Florida Appeals Court Ruling Demonstrates Power of Arbitration Agreements
Recently, on July 5th, 2017, the Third District Court of Appeal for the State of Florida issued a decision in the case of DDRA, LLC V. JARM, LLC, ET AL. This case involved a dispute over the applicability of a mandatory arbitration provision that had been included in a larger contract.
The court’s ruling in this case provides a great lesson for Florida business that have contracts with forced arbitration clauses. Here, our experienced West Palm Beach arbitration attorneys discuss this case and highlight the important things that it can tell us about the power of arbitration agreements in Florida.
Understanding DDRA, LLC V. JARM, LLC, ET AL.
JARM LLC and a second company called Dude IP, LLC entered into a contract with two other firms, a company known as South Beach Delivery Dudes, and DDRA, LLC. Within this contract, was a forced arbitration provision, which mandated that arbitration would be used to resolve any legal disputes related to the agreement. Eventually, a dispute did arise regarding the use of trademarks under the licensing agreement. DDRA petitioned the court to rule that the arbitration provision was invalid, and thus could not apply to this type of case. The trial court and the appeals court both disagreed with the company’s assessment. The courts both agreed that they had no authority to make any decision regarding the applicability of the mandatory arbitration clause.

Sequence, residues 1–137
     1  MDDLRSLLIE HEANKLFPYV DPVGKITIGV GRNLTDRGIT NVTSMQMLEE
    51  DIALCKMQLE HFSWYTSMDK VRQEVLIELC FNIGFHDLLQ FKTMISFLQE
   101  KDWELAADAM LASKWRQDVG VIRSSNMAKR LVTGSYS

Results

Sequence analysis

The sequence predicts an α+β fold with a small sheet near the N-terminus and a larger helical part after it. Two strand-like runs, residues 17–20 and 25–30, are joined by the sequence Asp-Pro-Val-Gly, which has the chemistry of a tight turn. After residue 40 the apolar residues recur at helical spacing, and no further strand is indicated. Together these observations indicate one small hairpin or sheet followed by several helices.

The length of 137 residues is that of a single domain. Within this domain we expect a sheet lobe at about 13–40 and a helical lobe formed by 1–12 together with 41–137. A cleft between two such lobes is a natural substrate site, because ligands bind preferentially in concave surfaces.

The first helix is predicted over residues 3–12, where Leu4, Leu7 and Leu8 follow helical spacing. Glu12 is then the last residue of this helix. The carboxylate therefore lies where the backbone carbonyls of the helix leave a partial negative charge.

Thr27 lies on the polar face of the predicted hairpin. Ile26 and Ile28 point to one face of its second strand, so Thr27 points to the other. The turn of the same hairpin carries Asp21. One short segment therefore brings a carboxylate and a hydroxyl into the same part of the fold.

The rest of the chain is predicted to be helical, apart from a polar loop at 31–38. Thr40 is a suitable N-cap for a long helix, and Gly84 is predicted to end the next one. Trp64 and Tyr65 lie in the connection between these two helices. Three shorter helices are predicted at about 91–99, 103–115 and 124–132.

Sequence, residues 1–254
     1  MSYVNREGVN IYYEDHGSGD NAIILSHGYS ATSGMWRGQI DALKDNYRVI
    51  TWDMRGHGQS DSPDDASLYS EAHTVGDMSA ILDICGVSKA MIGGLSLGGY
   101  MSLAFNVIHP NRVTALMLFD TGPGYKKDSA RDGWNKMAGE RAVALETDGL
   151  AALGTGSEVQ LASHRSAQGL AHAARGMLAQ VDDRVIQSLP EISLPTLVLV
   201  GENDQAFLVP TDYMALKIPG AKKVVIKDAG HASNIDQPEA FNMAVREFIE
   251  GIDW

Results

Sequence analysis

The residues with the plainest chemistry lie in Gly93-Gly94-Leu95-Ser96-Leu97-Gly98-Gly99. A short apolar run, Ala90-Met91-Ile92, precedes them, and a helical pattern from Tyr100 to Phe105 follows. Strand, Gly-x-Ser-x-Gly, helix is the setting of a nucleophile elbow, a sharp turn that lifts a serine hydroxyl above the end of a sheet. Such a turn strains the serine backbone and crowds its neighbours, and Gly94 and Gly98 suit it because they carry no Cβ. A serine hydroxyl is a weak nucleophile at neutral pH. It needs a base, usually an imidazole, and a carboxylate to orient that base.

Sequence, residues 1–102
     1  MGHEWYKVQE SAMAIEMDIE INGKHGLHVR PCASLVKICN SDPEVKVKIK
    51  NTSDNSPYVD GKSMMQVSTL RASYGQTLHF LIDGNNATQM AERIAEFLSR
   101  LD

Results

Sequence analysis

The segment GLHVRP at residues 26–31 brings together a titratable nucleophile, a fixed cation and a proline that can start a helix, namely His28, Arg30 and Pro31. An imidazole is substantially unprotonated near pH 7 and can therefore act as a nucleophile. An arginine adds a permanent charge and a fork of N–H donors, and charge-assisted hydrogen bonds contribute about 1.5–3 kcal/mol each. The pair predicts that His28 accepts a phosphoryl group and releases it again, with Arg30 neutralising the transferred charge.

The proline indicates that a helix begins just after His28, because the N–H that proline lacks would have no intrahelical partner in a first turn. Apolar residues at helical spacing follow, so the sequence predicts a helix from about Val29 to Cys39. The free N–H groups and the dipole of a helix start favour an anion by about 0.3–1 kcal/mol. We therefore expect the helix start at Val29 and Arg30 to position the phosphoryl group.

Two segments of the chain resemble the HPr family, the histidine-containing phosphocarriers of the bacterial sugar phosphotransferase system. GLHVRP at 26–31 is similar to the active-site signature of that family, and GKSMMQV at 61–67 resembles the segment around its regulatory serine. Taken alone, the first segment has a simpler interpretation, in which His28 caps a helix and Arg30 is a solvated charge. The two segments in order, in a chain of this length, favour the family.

Mandatory Arbitration Provisions are Generally Enforced in Florida
For the most part, when parties agree to include an arbitration provision in their contract, that arbitration provision will be enforced. Florida court rarely set aside these types of provisions. Notably, in this case, the Third District Court of Appeals ruled that it was up to the arbitrator to determine whether or not arbitration was required as the means to resolve the trademark dispute. Indeed, the court ruled that it lacked legal authority to make a ruling on this specific issue.
Within the licensing agreement and the operating agreement, which were both at issue in this case, there was language that explicitly stated that any dispute over the applicability of the arbitration provision was to itself be decided by arbitration. The court pointed directly to this language, and stated that, because it was included, the court could not rule on the applicability of arbitration. This ruling shows just how powerful the language in contracts can be, particularly language pertaining to arbitration provisions. Florida courts will always do virtually anything they can to uphold the terms of the contract, and to require arbitration if that is what the parties agreed to in their voluntarily bargained for contract.
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At Pike & Lustig, LLP, our dedicated business law attorneys have extensive experience handling all aspects of arbitration claims. If you need legal assistance, we are standing by, ready to help your business. From our primary office in West Palm Beach and our recently opened second location in the heart of Miami, we proudly serve companies throughout southeastern Florida, including in Broward County.